• Inherited industriousness, honesty, and ingenuity from both sides of his family.
  • "The daemon in me is Jewish." [If he using 'daemon' in sense it appears, then he is writing, "my muse is Jewish." Daemon in this context means "muse."]
  • His most direct link with his family's past came through his maternal grandmother, Mary Thorncroft, who died just  have his eighth birthday (about very same time as his father died)
  • She died at age 85, in the hard winter of 1894 to 1895
  • Now the story moves to Siegfried's mother Theresa, b. 1853, youngest in her family; became a painter
  • 1860s: Uncle Hamo (his mother's brother) had met Burne-Jones of the Pre-Raphaelites; discussion about the Pre-Raphaelites
  • Theresa: a devout Christian all her life and brought Siegfried up accordingly
  • Theresa: excellent horsewoman; passed that skill to Siegfried; he did not take up swimming, something his mother also loved
******************
  • 1883: Theresa meets her future husband, Alfred Sassoon
  • Theresa's mother had sculpted Alfred's parents in the early 1860s; that meeting reinforced by her brother Hamo's commission to make a half-size statue of Alfred's sister, Rachel, in 1882 -- Theresa became friendly with Rachel and the rest is history as they say.
  • Alfred's father died when Alfred was six; his mother Flora spoiled him; Alfred died of tuberculosis. Siegfried's father was also a good horseman.
  • Family conflict: Flora, brought up in strict Jewish orthodoxy, could not understand how her son could fall in love and speak of marriage to an eminently English and Christian Theresa
  • But Alfred married outside the Jewish faith
  • Married without knowledge of either mother knowing (remember: both fathers had died much earlier). Marriage particulars arranged by Uncle Hamo. Witnesses: Hamo, Eliza Perks, and Alfred's friend Edmund Gosse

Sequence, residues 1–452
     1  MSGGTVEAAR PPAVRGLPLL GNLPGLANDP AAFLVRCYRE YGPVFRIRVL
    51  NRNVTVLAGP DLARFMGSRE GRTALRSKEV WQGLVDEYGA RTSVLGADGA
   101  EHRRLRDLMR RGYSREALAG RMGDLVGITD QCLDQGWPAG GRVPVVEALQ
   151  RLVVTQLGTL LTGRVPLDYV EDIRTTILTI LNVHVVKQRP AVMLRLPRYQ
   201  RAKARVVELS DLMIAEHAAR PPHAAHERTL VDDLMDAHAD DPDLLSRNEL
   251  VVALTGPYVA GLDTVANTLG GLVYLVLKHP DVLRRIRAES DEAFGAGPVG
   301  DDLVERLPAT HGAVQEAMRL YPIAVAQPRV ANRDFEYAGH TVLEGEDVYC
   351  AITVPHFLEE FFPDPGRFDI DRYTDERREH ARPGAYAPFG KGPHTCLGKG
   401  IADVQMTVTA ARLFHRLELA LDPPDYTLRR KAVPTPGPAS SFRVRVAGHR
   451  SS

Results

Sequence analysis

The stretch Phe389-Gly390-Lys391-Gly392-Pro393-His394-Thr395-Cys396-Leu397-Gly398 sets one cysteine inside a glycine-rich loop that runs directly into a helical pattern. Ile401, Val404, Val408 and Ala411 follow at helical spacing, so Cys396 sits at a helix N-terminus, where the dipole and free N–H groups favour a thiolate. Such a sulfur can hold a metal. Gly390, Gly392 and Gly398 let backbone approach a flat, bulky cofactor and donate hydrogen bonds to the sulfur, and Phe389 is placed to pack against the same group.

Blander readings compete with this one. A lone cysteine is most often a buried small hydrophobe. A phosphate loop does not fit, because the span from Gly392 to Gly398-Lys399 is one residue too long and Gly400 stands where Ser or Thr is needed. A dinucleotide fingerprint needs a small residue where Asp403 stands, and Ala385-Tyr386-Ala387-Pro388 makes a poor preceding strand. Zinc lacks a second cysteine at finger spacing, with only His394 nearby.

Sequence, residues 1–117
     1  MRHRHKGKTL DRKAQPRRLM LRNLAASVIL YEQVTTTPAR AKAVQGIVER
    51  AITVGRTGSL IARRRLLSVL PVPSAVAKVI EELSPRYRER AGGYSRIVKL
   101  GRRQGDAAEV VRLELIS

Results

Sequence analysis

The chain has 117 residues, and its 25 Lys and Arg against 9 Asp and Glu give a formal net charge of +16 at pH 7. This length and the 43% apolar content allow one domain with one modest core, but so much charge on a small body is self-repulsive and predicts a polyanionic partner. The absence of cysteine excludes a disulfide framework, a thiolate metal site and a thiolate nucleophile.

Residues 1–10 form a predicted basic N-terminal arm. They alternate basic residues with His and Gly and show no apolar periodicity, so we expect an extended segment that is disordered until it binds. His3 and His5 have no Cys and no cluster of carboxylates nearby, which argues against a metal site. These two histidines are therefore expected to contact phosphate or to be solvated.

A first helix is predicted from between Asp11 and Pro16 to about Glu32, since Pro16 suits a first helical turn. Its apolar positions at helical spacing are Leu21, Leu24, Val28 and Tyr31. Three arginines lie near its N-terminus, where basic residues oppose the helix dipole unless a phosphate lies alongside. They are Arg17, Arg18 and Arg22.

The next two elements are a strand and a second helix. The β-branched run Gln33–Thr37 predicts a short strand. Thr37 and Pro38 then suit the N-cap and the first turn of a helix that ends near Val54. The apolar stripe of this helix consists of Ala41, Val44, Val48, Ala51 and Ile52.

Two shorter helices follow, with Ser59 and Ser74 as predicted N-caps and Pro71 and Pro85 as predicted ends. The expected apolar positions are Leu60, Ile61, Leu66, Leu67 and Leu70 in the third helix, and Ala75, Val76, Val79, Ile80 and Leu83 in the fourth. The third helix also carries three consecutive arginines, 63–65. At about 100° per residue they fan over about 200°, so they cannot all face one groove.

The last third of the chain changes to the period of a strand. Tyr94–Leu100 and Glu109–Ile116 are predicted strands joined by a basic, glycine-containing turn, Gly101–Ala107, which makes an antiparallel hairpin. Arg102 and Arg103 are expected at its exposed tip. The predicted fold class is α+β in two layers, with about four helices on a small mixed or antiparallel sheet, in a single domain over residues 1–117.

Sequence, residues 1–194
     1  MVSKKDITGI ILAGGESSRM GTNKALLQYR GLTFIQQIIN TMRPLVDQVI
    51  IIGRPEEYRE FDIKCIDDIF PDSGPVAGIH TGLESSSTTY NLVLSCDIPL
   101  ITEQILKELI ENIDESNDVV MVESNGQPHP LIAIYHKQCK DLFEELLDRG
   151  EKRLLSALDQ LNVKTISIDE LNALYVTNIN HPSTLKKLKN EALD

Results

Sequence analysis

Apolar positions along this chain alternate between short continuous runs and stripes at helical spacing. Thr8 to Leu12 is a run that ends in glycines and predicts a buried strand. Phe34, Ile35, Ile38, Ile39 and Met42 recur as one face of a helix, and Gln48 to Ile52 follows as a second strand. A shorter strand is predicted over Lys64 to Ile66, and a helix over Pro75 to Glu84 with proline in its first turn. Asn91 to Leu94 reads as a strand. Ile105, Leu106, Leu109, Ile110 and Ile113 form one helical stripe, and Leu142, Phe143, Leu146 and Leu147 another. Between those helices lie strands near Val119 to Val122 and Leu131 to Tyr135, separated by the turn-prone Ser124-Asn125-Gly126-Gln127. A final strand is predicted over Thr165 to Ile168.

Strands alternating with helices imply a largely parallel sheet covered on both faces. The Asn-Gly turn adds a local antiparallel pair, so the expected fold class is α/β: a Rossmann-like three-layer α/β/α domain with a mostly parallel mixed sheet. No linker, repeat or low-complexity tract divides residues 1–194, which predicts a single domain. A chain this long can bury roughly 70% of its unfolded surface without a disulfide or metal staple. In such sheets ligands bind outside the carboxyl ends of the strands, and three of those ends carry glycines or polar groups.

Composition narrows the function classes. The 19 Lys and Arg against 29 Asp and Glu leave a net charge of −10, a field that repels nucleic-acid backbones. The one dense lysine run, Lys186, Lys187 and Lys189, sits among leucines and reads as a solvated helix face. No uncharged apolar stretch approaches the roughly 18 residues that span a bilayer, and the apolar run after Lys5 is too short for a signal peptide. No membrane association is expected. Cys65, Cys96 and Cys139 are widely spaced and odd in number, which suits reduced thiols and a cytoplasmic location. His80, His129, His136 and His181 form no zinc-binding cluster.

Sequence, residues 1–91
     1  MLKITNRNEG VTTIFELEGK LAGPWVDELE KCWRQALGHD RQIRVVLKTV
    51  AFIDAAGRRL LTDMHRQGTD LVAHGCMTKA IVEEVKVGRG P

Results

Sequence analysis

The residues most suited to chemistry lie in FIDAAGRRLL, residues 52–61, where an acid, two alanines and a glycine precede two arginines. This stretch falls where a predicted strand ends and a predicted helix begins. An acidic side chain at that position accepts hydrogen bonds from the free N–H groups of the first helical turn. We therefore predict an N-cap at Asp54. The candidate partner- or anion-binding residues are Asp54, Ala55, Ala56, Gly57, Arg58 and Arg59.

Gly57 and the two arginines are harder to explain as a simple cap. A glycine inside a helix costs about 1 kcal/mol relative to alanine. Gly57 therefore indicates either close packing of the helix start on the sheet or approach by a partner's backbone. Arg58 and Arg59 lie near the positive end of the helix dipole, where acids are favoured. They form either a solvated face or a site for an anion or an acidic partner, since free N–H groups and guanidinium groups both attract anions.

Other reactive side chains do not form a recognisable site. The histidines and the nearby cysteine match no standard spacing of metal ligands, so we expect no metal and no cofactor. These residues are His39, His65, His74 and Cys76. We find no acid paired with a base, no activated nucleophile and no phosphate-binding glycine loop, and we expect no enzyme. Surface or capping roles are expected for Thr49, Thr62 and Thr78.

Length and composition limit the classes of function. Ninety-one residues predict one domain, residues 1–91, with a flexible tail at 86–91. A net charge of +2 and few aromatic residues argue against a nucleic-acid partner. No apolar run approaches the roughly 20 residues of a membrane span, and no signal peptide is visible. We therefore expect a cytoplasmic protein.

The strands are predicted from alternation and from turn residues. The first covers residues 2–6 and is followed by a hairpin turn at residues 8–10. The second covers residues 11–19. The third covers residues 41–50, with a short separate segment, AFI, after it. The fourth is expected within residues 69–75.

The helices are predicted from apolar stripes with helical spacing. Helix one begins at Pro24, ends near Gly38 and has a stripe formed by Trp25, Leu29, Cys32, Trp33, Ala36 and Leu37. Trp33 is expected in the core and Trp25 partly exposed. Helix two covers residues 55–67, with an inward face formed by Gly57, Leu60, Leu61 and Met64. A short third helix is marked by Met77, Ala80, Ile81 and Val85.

• His Jewish mother essentially disowned Alfred; she declared her son officially dead, saing funeral prayers and even sitting the ritual period of mourning for him; persisted that way until she died; wrote him out of her will
  • But Theresa and Alfred (Siegfried's parents happily in love)

**************************
Chapter 2: Childhood in the Garden
1886 - 1895
  • Siegfried Lorain Sassoon was the second of three sons to be born to Alfred and Theresa.
  • Born: September 8, 1886
  • 1886 - 1895, through his 9th birthday.
**************************
Chapter 3: Lutes and Nightingales
1895 - 1900
  • Age 9 through 14, comparable to US middle school and high school.
**************************
Chapter 4: 'Harum-Scarum Schoolboy'
1900 - 1904
  • Age 14 through 18, comparable to US high school; early college years; coming of age.
**************************
Chapter 5: The Chancellor's Muddle
1904 - 1907
  • Age 18 through 21; coming of age through young adulthood
  • By 1907, 21st birthday, had spent nearly two-thirds of his with his mother at Weirleigh
**************************
Chapter 6: Sporting Squire and Gentleman Writer
1907 - 1914
  • Age 21 - 28; well-seasoned adult; war drums beating
  • WWI: July 28, 1914 to November 11, 1918
  • After spending nearly two-thirds of his life with his mother at Weirleigh, through his 21st birthday, he was now to pass another seven years at home, bringing the time spent there up to three-quarters of his young life -- although he felt he should leave, he was not ready to face the outside world on his own